draft-ietf-radext-status-server-07.txt   draft-ietf-radext-status-server-08.txt 
Network Working Group Alan DeKok Network Working Group Alan DeKok
INTERNET-DRAFT FreeRADIUS INTERNET-DRAFT FreeRADIUS
Category: Informational Category: Informational
<draft-ietf-radext-status-server-07.txt> Updates: 2866
Expires: November 27, 2010 <draft-ietf-radext-status-server-08.txt>
26 April 2010 Expires: November 4, 2010
4 May 2010
Use of Status-Server Packets in the Use of Status-Server Packets in the
Remote Authentication Dial In User Service (RADIUS) Protocol Remote Authentication Dial In User Service (RADIUS) Protocol
draft-ietf-radext-status-server-07 draft-ietf-radext-status-server-08
Status of this Memo Status of this Memo
This Internet-Draft is submitted to IETF in full conformance with the This Internet-Draft is submitted to IETF in full conformance with the
provisions of BCP 78 and BCP 79. provisions of BCP 78 and BCP 79.
Internet-Drafts are working documents of the Internet Engineering Internet-Drafts are working documents of the Internet Engineering
Task Force (IETF), its areas, and its working groups. Note that Task Force (IETF), its areas, and its working groups. Note that
other groups may also distribute working documents as Internet- other groups may also distribute working documents as Internet-
Drafts. Drafts.
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and may be updated, replaced, or obsoleted by other documents at any and may be updated, replaced, or obsoleted by other documents at any
time. It is inappropriate to use Internet-Drafts as reference time. It is inappropriate to use Internet-Drafts as reference
material or to cite them other than as "work in progress." material or to cite them other than as "work in progress."
The list of current Internet-Drafts can be accessed at The list of current Internet-Drafts can be accessed at
http://www.ietf.org/ietf/1id-abstracts.txt. http://www.ietf.org/ietf/1id-abstracts.txt.
The list of Internet-Draft Shadow Directories can be accessed at The list of Internet-Draft Shadow Directories can be accessed at
http://www.ietf.org/shadow.html. http://www.ietf.org/shadow.html.
This Internet-Draft will expire on November 27, 2010. This Internet-Draft will expire on November 4, 2010.
Copyright Notice Copyright Notice
Copyright (c) 2010 IETF Trust and the persons identified as the Copyright (c) 2010 IETF Trust and the persons identified as the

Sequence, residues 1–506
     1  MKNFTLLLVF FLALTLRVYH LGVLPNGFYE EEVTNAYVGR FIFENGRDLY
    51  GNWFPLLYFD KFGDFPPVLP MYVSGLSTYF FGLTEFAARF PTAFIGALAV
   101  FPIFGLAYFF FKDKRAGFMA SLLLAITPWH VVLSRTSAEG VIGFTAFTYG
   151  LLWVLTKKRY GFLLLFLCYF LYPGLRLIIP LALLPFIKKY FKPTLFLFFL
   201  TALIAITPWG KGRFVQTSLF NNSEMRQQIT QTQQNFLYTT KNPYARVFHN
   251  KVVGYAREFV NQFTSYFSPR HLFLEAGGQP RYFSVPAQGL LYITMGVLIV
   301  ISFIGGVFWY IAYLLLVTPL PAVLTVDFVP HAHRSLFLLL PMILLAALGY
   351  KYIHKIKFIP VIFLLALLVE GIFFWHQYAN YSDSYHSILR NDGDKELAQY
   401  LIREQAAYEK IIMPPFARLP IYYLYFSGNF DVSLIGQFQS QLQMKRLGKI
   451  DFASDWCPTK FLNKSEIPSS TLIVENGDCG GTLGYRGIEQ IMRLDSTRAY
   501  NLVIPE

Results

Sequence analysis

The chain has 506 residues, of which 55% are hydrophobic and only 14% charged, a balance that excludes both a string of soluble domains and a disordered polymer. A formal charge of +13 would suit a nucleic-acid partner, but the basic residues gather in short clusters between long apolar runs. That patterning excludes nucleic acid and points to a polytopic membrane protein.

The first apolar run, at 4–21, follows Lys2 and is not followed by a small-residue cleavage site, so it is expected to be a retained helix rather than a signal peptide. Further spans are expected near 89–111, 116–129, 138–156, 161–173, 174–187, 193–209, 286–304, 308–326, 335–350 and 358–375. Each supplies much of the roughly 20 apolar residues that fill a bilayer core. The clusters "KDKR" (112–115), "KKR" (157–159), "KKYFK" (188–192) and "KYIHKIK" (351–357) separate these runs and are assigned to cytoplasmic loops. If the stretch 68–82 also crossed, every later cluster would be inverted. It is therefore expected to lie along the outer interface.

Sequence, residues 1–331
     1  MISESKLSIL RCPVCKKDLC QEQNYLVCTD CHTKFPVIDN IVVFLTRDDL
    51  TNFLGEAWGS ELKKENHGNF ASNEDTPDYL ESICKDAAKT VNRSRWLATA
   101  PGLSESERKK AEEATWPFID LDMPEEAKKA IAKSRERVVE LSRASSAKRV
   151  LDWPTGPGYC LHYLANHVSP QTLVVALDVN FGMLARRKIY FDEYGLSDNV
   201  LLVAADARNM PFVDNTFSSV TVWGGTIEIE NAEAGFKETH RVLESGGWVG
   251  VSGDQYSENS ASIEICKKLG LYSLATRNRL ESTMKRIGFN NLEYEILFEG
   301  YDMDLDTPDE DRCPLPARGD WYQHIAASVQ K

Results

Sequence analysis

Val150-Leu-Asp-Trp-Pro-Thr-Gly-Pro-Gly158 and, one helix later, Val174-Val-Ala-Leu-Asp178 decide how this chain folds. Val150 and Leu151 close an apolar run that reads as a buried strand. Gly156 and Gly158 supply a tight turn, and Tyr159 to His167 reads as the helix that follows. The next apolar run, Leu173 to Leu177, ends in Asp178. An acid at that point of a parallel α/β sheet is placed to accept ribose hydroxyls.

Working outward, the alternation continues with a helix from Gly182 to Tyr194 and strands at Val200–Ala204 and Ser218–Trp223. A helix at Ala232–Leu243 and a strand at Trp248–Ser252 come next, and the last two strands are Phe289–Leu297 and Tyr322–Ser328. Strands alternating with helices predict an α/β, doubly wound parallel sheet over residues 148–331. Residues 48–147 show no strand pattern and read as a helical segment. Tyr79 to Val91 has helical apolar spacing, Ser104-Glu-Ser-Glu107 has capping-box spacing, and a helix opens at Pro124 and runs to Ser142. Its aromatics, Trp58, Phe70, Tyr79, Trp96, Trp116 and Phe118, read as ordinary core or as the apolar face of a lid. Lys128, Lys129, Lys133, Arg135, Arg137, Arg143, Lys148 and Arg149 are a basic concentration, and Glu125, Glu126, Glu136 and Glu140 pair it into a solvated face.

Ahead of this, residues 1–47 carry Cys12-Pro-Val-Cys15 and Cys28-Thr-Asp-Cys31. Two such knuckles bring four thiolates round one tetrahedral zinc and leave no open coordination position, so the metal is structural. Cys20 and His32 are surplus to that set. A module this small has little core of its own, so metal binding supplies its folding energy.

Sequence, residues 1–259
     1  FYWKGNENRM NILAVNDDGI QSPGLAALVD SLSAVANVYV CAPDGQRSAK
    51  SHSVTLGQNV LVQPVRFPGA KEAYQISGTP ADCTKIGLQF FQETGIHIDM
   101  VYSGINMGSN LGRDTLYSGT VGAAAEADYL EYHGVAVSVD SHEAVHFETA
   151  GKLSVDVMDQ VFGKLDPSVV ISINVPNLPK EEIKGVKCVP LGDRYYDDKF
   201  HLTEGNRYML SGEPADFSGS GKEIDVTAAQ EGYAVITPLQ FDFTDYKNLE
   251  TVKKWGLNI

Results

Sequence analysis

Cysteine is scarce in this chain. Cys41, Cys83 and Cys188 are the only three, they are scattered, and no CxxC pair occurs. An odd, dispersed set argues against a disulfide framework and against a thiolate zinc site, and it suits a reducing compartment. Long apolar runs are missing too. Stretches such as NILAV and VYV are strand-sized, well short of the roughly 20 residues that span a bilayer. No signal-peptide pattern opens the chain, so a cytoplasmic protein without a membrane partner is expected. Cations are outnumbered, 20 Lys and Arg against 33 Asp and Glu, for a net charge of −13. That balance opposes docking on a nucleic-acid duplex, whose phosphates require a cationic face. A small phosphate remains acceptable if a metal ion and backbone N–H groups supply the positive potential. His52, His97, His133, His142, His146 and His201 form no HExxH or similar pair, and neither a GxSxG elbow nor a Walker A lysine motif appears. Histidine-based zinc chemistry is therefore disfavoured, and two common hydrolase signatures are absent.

document authors. All rights reserved. document authors. All rights reserved.
This document is subject to BCP 78 and the IETF Trust's Legal This document is subject to BCP 78 and the IETF Trust's Legal
Provisions Relating to IETF Documents Provisions Relating to IETF Documents
(http://trustee.ietf.org/license-info/) in effect on the date of (http://trustee.ietf.org/license-info/) in effect on the date of
publication of this document. Please review these documents publication of this document. Please review these documents
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2.1. Why Access-Request is inappropriate ................. 7 2.1. Why Access-Request is inappropriate ................. 7
2.1.1. Recommendation against Access-Request .......... 8 2.1.1. Recommendation against Access-Request .......... 8
2.2. Why Accounting-Request is inappropriate ............. 8 2.2. Why Accounting-Request is inappropriate ............. 8
2.2.1. Recommendation against Accounting-Request ...... 8 2.2.1. Recommendation against Accounting-Request ...... 8
3. Packet Format ............................................ 9 3. Packet Format ............................................ 9
3.1. Single definition for Status-Server ................. 11 3.1. Single definition for Status-Server ................. 11
4. Implementation notes ..................................... 11 4. Implementation notes ..................................... 11
4.1. Client Requirements ................................. 12 4.1. Client Requirements ................................. 12
4.2. Server Requirements ................................. 13 4.2. Server Requirements ................................. 13